Don Siegelman: It was not the FBI that brings the charges against me. It was retired FBI agents who worked for Sessions in Mobile who were hired by the Attorney General’s office as contract employees initially. But it was those employees, those retired FBI agents of Sessions, who worked constantly for nearly five years doing nothing but trying to build a case against me, first in 2004 which failed, and then again in 2006.

That suggests Sessions, while serving as U.S. senator, actively was involved in trying to prosecute Siegelman -- apparently with the assistance of Sessions protege and current U.S. Judge, Bill Pryor. Is that what a U.S. senator is supposed to be doing? Was Sessions using his office for political gain, and was Pryor helping him?

Siegelman also provides insight on Nick Bailey, the former aide who wound up being the government's chief witness against him:

Melissa Parker (Smashing Interviews Magazine): And Bailey spent time in prison on bribery-related charges and was released in 2008.

Don Siegelman: Well, he had gotten himself into substantial debt and mortgaged his mother’s farm to invest in the cattle futures. All of this came out at trial, that he had pocketed $200,000 from different people, committed a number of felonies all with serious federal consequences, so he could easily have been sentenced to 25 years to life in prison.

Melissa Parker (Smashing Interviews Magazine): So Bailey made a deal?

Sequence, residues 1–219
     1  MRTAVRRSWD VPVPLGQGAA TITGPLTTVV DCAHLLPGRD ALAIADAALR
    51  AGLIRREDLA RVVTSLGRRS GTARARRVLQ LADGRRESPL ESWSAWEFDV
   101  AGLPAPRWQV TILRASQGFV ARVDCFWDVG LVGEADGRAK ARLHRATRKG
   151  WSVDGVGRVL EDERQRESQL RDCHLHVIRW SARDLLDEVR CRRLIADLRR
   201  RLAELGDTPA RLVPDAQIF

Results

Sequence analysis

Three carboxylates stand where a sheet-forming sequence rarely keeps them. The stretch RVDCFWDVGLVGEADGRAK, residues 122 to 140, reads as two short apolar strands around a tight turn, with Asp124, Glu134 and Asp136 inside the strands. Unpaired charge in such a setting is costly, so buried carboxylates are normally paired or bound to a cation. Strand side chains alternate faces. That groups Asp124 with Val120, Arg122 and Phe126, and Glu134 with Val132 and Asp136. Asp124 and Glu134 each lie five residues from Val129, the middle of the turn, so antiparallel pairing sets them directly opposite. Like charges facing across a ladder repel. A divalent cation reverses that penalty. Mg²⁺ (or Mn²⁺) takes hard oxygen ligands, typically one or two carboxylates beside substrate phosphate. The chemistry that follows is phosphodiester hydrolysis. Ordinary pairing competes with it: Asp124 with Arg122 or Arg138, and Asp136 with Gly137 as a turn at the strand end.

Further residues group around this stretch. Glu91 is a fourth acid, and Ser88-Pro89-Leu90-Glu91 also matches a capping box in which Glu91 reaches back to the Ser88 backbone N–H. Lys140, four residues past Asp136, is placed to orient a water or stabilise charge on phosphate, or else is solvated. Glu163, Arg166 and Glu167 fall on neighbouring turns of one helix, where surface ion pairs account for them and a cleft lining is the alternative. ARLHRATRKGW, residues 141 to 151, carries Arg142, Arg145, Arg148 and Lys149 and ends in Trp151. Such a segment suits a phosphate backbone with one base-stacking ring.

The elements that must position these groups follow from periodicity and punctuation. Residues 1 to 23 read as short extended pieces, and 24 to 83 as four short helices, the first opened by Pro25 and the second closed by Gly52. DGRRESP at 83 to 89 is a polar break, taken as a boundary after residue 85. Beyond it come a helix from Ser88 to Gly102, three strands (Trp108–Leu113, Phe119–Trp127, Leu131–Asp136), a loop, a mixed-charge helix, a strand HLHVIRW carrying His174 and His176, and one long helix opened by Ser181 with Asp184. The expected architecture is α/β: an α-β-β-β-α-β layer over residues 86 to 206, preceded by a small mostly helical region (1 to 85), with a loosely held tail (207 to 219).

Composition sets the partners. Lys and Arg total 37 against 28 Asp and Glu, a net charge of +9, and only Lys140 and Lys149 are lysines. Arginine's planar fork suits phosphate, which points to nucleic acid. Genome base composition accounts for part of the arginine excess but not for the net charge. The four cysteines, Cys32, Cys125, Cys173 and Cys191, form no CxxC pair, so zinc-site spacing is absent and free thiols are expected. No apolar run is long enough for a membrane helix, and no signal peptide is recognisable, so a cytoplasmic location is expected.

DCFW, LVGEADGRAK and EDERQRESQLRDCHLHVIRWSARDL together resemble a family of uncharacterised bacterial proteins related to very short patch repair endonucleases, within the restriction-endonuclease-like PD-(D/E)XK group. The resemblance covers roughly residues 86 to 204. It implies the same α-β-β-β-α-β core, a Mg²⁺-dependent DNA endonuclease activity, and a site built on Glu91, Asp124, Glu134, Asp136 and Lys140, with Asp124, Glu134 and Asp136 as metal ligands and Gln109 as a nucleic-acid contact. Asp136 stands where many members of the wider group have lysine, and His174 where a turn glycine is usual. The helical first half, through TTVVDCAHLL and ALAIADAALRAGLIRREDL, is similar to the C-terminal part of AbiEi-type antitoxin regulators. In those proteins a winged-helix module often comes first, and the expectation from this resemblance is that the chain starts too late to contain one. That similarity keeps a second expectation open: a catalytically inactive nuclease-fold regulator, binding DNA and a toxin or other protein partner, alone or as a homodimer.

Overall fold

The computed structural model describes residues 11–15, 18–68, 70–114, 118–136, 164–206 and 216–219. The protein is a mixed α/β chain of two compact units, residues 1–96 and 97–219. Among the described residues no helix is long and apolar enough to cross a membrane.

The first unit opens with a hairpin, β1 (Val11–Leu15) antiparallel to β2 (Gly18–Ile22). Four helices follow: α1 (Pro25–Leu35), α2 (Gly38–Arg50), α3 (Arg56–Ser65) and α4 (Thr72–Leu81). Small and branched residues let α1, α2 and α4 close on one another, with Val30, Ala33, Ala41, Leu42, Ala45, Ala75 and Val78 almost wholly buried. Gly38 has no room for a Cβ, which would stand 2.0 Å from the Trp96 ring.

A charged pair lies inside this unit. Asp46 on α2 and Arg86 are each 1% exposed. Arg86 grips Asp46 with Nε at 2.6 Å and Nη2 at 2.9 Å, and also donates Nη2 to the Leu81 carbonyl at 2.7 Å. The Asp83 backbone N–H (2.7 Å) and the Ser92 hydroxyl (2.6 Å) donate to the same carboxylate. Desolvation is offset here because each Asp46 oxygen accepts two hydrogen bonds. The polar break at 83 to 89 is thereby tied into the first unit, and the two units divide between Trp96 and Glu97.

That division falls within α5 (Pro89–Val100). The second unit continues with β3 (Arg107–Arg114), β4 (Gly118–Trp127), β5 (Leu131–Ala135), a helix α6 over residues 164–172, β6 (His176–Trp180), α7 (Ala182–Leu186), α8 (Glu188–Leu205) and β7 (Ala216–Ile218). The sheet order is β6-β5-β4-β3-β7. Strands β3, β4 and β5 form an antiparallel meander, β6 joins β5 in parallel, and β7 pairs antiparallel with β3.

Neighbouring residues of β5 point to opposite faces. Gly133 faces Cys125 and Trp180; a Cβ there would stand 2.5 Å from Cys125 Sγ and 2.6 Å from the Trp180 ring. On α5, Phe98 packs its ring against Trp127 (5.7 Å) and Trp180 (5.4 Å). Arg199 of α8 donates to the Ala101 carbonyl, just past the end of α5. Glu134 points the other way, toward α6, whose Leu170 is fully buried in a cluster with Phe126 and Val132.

Don Siegelman: This doesn’t come out in court. It comes out on 60 Minutes on February 4, 2008, that he was interviewed over 70 times and made to write and re-write his testimony over and over until he got his story the way the prosecutors wanted it. He did that in exchange for a commitment that they would recommend no time in prison, and that’s what they did.

Finally, Siegelman shines light on Karl Rove and the cavalcade of GOP crooks who made the political prosecution a reality:

Don Siegelman: We’ve kind of discussed the links to Karl Rove, but some of them we have missed. In 1999, I’m sworn in as governor. In less than two months, Karl Rove’s client, State Attorney General Bill Pryor, starts a Medicaid fraud investigation, which led eventually to a trial in 2004 where Judge U. W. Clemon said it was the most unfounded criminal case over which he has presided in his nearly 30 years on the bench.

Karl Rove’s client comes back into play in 2002 when Bill Pryor stops my hand recount, which would have proven one way or the other whether I won the race or whether there was electronic vote fraud. He seized the ballots and the returns and those ballots and returns have never been seen or counted since. Pryor certified them illegally two days before Alabama law allows for certification after which he was appointed to the federal bench in Atlanta on the Eleventh Circuit through which my appeals have to go. . . .

In 2002, it was Karl Rove’s client, Bill Pryor, who openly participated in stealing the election. Two other people were given credit for stealing the election. One was Rove’s employee, a woman named Kitty McCullough who later married and changed her name to Kelly Kimbrough and a guy named Dan Gans who claimed credit on his website. Dan Gans, immediately after the election was stolen, went to work for a Tom DeLay/Jack Abramoff related lobbying firm called the Alexander Group. So to answer the question about the political operatives, the players were substantial, and there were substantial ties leading to Rove, leading to the White House and going directly, of course, to Abramoff, Ralph Reed, (Michael) Scanlon and (Grover) Norquist.

No comments: